Developing a simple and yet strong repair technique that allows smooth gliding of the tendon within the tendon sheath has remained a challenge to meet the biomechanical needs of early active rehabilitation. Our Objective was to compare Unhas and Bunnell suture technique in terms of strength and gap resistance in tendon repair.Materials and Methods:
Thirty feet of healthy roosters Gallus domesticus were harvested and assigned randomly into 2 groups of 15 feet each. The tendons were repaired using Unhas suture and Bunnell suture utilizing monofilament nylon 4-0. Every specimens were tested by using repaired tendon gap formation apparatus and then measured when it produced an initial gap and 2-mm gap at the repair site. The measurements were then analyzed for statistical significance.Results:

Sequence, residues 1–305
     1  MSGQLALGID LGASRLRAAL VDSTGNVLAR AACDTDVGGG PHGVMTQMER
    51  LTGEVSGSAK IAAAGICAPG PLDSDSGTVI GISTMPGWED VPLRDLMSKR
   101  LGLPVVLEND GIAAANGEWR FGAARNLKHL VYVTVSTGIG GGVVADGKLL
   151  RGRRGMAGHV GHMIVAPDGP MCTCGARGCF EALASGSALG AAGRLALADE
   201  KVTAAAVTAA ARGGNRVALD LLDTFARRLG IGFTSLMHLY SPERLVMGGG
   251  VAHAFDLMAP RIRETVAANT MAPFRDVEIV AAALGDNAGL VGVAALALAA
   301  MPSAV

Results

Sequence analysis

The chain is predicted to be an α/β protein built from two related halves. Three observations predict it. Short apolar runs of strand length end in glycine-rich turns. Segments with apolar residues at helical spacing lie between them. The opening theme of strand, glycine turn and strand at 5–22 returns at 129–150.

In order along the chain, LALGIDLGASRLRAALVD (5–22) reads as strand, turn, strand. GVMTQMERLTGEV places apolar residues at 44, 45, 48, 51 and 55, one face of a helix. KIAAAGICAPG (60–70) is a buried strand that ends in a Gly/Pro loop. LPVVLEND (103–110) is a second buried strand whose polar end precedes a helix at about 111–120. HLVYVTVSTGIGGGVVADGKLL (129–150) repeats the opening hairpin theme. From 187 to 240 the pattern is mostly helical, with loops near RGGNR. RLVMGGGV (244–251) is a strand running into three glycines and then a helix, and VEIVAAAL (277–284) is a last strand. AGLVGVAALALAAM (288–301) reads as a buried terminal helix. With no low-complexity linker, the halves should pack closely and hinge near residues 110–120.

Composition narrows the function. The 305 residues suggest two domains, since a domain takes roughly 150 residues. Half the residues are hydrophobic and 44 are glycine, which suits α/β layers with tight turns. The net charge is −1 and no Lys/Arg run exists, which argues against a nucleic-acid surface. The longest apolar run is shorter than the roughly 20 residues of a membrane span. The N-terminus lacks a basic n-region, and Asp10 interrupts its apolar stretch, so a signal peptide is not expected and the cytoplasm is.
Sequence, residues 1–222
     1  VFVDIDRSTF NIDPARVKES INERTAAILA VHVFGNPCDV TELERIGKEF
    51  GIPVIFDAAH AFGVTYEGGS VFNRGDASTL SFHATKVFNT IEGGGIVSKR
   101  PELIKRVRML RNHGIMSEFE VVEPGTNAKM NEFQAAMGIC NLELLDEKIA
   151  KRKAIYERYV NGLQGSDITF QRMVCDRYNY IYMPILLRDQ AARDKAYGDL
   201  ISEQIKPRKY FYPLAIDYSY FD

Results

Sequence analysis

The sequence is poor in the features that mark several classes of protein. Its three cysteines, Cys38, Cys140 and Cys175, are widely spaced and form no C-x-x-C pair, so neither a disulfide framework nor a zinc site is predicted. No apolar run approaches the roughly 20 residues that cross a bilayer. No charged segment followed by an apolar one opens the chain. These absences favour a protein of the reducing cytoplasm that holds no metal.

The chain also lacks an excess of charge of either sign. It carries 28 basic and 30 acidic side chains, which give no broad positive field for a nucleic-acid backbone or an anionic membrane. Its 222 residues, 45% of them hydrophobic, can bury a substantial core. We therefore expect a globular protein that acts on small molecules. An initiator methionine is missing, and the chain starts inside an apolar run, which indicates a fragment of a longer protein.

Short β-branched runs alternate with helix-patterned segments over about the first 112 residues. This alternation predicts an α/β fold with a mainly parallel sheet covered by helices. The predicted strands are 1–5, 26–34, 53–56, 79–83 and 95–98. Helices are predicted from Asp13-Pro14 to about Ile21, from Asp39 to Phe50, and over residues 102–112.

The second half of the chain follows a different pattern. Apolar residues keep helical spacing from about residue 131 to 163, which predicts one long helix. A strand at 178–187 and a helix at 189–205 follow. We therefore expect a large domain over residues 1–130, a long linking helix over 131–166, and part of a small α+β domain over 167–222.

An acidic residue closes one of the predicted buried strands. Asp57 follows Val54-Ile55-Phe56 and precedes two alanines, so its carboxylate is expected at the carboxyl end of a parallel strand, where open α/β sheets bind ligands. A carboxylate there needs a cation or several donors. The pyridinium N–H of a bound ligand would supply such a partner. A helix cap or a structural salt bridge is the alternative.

Significant difference in initial gap was detected between repaired tendon using Unhas suture and Bunnell suture. Two-millimeter gap forces were tested and Unhas suture group was also significantly higher compared with Bunnell suture group.Conclusions:
Unhas suture was proven to be able to resist gap forces either in initial gap or 2-mm gap compared with Bunnell sutureClinical Relevance:
Unhas suture may be a reliable alternative in tendon repair that provides tensile strength, gapping resistance and also provide easiness which can be performed with conventional suture material and less operating time.